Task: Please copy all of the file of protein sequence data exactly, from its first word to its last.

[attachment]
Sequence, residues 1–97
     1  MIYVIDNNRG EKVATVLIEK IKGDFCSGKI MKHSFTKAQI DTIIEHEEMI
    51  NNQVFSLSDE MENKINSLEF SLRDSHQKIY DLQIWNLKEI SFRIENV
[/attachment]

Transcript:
Sequence, residues 1–97
     1  MIYVIDNNRG EKVATVLIEK IKGDFCSGKI MKHSFTKAQI DTIIEHEEMI
    51  NNQVFSLSDE MENKINSLEF SLRDSHQKIY DLQIWNLKEI SFRIENV